PW1 Fred Banda testified that he worked for ZCCM Nkana Division from 31st March 1995 until 31st March, 2000. In July 1997 when ZCCM started selling its stock of houses to its employees he was staying at 78 Kpark Flats, Nkana West, Kitwe. He said under the scheme of selling houses, ZCCM had allowed employees to buy houses they were staying in as sitting tenants or on application to buy any other available Company house. He did not apply to purchase the flat he was occupying but for House No. 121 Kalungwishi Street, Nkana East Kitwe from a list of houses that were advertised for sale. Before making the application he checked with Nkana Division Housing Department as to who the official sitting tenant of the house was and why it was advertised. He was informed that the sitting tenant of the house was one Mr Moffat Banda who was working for ZCCM at Nkana Division Concentrator Department. Thereafter he went and confirmed with Moffat Banda that he was the sitting tenant. Moffat Banda informed him that he had opted to buy House No. 149 Luela Street Nkana East,Kitwe instead of 121 Kalungwishi Street.
PW1 explained that after lodging his application, Nkana Division Housing Sale Committee invited him for interviews. After attending the interviews, he was offered the house in November, 1998. His letter of offer is on pages 1 - 3 of the Plaintiff’s bundle of documents filed herein on 24th August 2006. He endorsed the last page of the offer in acceptance of the offer. On 10th November 2009 he entered into a Contract of Sale with ZCCM in relation to the same house, copy of which is on pages 4 - 6 of the Plaintiffs bundle of documents. He later received a letter dated 17th March 1999 from the vendor informing him that the full purchase price had been deducted from his accrued terminal benefits. The letter is on page 7 of his bundle of documents. Thereafter he received a copy of the letter dated 22nd March 1999 written by the company to Moffat Banda informing him that house No. 121 Kalungwishi Street which he was renting from ZCCM had been sold to him (PW1). PW1 said he later requested Moffat Banda to vacate the house but he declined saying that House No 149 Luela Street Nkana East Kitwe that he had bought from ZCCM was occupied by somebody else who had obtained an injunction restraining him from evicting her.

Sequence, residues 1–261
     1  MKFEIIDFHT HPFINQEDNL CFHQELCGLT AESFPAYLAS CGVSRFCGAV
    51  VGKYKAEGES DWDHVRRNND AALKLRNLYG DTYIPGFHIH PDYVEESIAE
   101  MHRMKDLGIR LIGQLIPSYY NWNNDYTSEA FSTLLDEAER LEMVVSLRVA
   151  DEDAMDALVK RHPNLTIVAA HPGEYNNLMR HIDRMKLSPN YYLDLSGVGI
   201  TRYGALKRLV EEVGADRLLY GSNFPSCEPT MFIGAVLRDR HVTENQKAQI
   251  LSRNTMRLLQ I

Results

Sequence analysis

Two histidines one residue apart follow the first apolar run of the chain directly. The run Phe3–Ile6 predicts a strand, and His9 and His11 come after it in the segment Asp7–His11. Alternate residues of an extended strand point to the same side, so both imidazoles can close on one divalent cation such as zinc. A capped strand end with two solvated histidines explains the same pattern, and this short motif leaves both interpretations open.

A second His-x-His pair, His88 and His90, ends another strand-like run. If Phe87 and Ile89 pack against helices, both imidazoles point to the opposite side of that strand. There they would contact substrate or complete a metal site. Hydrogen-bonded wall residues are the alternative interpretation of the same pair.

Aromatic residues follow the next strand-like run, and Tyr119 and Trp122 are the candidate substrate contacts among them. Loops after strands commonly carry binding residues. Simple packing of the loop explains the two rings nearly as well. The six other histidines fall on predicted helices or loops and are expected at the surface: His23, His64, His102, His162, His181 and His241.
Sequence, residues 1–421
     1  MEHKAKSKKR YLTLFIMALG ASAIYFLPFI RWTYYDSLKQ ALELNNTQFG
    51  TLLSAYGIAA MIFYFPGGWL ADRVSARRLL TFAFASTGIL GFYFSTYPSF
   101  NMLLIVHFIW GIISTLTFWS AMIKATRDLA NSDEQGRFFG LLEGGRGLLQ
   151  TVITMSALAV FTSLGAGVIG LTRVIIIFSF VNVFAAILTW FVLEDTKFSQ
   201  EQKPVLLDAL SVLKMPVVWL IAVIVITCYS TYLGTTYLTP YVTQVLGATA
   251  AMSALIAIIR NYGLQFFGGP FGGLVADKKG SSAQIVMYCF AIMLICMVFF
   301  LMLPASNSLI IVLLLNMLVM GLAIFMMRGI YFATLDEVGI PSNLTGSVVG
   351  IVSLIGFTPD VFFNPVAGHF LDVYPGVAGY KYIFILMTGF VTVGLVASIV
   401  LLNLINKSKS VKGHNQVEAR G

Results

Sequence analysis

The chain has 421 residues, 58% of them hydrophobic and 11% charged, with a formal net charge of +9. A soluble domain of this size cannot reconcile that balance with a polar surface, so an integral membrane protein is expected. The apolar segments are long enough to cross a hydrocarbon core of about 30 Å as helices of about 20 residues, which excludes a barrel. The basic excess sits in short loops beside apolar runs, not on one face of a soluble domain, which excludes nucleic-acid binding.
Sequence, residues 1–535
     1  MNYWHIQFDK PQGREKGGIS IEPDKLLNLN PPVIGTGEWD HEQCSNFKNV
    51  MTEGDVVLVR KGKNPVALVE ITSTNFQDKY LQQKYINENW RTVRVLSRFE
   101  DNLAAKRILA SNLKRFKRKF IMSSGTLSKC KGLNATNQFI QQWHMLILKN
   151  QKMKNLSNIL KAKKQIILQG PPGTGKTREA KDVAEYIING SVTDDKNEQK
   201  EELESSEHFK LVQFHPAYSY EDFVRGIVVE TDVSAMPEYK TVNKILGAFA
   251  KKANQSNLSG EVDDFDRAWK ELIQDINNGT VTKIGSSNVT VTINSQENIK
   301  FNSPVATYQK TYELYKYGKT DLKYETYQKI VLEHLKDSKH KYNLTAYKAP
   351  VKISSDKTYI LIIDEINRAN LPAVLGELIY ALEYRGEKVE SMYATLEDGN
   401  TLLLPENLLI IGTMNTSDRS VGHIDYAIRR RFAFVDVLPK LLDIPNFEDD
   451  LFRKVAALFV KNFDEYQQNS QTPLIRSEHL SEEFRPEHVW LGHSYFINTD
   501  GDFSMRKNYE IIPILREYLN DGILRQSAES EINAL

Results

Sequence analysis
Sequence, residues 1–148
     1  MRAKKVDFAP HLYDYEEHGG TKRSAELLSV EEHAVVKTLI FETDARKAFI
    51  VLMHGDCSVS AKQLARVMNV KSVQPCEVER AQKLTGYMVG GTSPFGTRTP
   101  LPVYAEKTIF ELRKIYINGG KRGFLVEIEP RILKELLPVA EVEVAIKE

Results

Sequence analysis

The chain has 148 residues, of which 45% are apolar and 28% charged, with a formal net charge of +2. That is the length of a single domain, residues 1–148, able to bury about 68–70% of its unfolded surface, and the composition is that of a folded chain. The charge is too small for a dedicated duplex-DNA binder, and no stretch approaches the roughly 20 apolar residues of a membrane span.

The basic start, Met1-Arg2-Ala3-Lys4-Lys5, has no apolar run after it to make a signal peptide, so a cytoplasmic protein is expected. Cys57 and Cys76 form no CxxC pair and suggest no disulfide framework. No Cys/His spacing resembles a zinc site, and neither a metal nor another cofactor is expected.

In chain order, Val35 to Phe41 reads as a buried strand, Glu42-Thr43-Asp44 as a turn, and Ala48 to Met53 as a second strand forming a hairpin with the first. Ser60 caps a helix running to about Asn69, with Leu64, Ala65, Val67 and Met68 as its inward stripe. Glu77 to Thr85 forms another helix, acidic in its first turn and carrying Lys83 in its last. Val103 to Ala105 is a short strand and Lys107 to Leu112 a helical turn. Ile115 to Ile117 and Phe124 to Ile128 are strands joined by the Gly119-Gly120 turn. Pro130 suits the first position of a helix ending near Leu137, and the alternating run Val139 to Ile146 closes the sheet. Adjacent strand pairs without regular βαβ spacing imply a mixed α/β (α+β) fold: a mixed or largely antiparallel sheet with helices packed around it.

PW1 further stated that whilst waiting for Moffat Banda to vacate the house, he received a writ of summons and an injunction restraining the defendants from evicting her from the house. He was sued with ZCCM over the same house by Moffat Banda’s sister in law by the name of Florence Nankonde who was claiming to be the sitting tenant entitled to purchase it. Copies of the Writ of summons, a Statement of claim, Affidavit of Service and Notice of Discontinuance filed in that matter are exhibited in the Plaintiff’s Bundle of documents from pages 9 to 15. The case was wholly discontinued on 18th August, 1999.